The corporations have taken over Milan. It's not news that they're here: giants like Samsung, BMW and Ikea have been pitching their tents among the furniture and lighting brands for years now. Even Apple rocked up last year.
But this year, Milan's design week feels different. It feels like the year it stopped being a furniture fair and became something more interesting.
Nike has put on what must be one of the biggest and most expensive exhibitions the fair has ever seen, right next door to Milan's most prestigious new permanent fixture, the Fondazione Prada. Audi has taken over the city's iconic Torre Velasca, bathing the 1950s tower in light each evening and projecting its logo onto its façade. Even food-and-drink conglomerate PepsiCo, possibly the most unlikely corporation to find at a design fair, has laid on a lavish exhibition.
And these exhibitions are really good; in fact they're among the best things in town. In the past, brands like these felt like unwelcome guests, bludgeoning us with marketing messages and drowning out the smaller, more experimental shows that made Milan so special. Or alternatively engaging in pointless and vainglorious collaborations with celebrity designers that achieved nothing beyond shallow PR.
A few years ago the Zona Tortona district became so saturated with naff brand "experiences" that it threatened the entire week's credibility. Only last year design critic Alice Rawsthorn wrote that Milan was now dominated by "shameless promotional stunts, seemingly unrelated to furniture" that "unintentionally reinforced the popular stereotype of design as a superficial, stylistic tool steeped in consumerism".
But things have changed and these brands are not here to sell to us any more. They're here to learn, to experiment, to take risks and engage in dialogue. They're here because they understand what design is and they are using it in ways that are in many cases more intelligent and daring than the traditional design brands, who seem to have run out of meaningful ideas. They're here because the audience is the most sophisticated and influential – but also honest and critical – they'll find anywhere.
And they're not jumping on the design bandwagon to look cool; they're doing it to help them navigate an increasingly complex and fast-changing world where business models that don't adapt will simply die.
PepsiCo, for example, realises that sugary carbonated drinks are not the future. The brand, which turns over $60 billion (£42 billion) and employs over a quarter of a million people, knows that its customers increasingly care about what they put in their bodies, want personalised experiences and don't want to be viewed as passive consumers. But they love brands and want to have meaningful conversations with them.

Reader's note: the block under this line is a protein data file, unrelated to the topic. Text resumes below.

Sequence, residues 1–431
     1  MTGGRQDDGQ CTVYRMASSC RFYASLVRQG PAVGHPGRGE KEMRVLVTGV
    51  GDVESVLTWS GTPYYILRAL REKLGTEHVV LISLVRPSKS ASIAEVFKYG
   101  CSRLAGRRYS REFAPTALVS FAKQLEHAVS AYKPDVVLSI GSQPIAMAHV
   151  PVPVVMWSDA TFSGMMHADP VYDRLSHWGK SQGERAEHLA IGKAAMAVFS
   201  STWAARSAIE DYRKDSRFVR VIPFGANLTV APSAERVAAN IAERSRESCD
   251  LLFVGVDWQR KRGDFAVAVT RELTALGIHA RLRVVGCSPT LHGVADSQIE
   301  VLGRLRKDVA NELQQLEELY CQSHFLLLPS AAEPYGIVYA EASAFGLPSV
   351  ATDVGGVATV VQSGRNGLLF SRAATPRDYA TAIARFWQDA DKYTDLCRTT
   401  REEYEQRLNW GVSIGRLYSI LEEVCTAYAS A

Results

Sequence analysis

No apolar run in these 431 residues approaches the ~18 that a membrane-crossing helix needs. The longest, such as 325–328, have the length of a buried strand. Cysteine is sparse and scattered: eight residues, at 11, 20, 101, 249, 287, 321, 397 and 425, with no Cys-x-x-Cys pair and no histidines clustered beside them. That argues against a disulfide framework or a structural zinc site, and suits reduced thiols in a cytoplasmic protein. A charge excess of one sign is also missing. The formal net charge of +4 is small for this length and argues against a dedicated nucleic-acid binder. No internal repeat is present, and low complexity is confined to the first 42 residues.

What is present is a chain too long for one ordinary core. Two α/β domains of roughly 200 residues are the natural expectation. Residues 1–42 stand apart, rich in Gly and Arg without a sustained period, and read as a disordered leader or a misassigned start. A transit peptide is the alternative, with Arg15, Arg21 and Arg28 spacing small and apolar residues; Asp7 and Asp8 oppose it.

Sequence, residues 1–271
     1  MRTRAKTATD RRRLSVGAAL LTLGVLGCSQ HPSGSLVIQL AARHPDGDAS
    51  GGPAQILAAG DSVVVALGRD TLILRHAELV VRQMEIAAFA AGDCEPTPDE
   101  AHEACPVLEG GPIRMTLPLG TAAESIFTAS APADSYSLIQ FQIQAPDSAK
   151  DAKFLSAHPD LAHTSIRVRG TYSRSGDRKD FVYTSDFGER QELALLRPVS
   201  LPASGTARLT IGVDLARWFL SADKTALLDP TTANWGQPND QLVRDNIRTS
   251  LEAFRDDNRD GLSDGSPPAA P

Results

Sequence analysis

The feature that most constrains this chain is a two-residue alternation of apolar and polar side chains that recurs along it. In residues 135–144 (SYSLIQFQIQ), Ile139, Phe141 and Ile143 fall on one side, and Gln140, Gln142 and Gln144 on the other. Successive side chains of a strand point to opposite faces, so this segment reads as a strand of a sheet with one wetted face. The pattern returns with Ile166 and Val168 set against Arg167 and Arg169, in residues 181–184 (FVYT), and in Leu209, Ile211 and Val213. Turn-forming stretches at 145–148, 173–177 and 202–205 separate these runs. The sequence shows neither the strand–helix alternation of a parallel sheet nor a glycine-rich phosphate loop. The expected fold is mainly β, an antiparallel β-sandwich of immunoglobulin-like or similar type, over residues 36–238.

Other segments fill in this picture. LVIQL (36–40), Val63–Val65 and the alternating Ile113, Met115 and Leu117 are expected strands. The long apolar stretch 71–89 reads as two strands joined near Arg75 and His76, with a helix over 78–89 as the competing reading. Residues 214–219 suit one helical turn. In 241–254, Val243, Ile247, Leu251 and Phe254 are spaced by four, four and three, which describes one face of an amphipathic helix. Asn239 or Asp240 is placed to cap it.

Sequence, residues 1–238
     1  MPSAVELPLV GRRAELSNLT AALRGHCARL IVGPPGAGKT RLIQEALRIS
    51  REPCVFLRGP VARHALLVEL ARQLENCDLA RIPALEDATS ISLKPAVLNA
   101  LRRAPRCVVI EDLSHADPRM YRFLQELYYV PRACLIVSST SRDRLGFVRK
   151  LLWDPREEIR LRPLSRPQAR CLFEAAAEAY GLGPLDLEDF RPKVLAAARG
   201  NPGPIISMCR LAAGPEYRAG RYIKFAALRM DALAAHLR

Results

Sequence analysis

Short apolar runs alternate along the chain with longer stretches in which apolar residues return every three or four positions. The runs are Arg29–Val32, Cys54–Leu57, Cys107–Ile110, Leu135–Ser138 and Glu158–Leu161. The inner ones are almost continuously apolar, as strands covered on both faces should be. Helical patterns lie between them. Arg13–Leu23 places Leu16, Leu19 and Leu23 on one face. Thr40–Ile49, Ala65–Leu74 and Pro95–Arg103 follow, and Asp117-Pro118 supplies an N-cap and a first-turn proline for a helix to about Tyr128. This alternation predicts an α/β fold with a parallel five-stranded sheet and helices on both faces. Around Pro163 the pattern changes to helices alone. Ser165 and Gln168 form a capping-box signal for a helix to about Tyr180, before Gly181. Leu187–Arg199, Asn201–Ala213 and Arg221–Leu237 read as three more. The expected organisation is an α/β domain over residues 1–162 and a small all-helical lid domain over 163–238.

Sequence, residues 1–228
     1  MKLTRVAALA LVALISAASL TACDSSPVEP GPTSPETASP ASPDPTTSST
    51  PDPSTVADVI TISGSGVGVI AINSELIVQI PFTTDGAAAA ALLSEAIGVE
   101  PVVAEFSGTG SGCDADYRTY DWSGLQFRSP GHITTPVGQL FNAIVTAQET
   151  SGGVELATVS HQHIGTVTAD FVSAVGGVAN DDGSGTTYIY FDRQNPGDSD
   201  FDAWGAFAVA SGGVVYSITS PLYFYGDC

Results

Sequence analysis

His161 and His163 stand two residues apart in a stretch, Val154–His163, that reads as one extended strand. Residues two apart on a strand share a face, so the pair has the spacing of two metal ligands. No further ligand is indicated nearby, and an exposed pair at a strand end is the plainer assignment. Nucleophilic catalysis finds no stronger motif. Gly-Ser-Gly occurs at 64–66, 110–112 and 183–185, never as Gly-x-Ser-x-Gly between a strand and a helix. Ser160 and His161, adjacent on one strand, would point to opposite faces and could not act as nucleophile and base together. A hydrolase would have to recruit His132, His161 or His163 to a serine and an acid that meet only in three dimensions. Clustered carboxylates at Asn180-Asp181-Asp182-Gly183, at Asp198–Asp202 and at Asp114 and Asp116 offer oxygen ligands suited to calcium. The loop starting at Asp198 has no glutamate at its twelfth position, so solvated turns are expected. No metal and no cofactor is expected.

These challenges can partly be addressed with design – and the prototypes of the potential solutions can be best shared and critiqued in Milan. In 2012 the brand appointed Mauro Porcini as its first chief design officer and PepsiCo's Mix It Up exhibition in Via Bugatti shows the fruits of his team's labours.
Car brand MINI, meanwhile, similarly knows that the era when everyone owned a car, filled it with fossil fuel every week and replaced it every three years, is gone for good. This year in Milan it presents MINI Living an exploration of what a MINI-branded development of shared apartments might look like. If people like the compact, stylish MINI brand for getting around, they reason, why not apply the same thinking to their homes? After all, the lack of affordable, high-quality housing in cities is one of the major issues many of us face.
Over at Torre Velasca, Audi is showing how advances in lighting technology could make cars both safer and more beautiful, with playful OLED tail lights and laser headlights that can project zebra crossings onto the road to help pedestrians and selectively block full beam to avoid dazzling oncoming vehicles with no loss of illumination.
It's only right that megabrands are represented in Milan: in a design landscape where the focus is too often on boutique brands and tiny studios producing yet more iterations of tables and chairs, they are major employers of designers. Pepsi has 130; Nike has over 700. Samsung has 300 in its television department alone. And their products touch far, far more people than those of designers who grace the covers of magazines.
In a late-night conversation with Marc Newson earlier this week, we discussed why brands like Nike and Apple feel the need to be represented in Milan (and why their design teams feel the need to attend). The analogy we came up with was that Milan is the design world's equivalent of Glastonbury: a giant, unmissable festival where anything goes and where anyone can be part of the audience and where every kind of act can find a stage.
And this year the headliners were different.